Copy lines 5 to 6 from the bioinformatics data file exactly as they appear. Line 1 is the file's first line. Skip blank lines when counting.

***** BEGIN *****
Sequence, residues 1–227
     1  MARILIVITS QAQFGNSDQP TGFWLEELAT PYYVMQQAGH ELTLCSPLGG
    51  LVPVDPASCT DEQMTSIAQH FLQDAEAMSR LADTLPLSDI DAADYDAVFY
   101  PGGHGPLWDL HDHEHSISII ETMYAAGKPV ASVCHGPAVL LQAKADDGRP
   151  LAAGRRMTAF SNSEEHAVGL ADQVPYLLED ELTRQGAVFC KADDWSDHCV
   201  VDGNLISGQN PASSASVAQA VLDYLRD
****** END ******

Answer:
   151  LAAGRRMTAF SNSEEHAVGL ADQVPYLLED ELTRQGAVFC KADDWSDHCV
   201  VDGNLISGQN PASSASVAQA VLDYLRD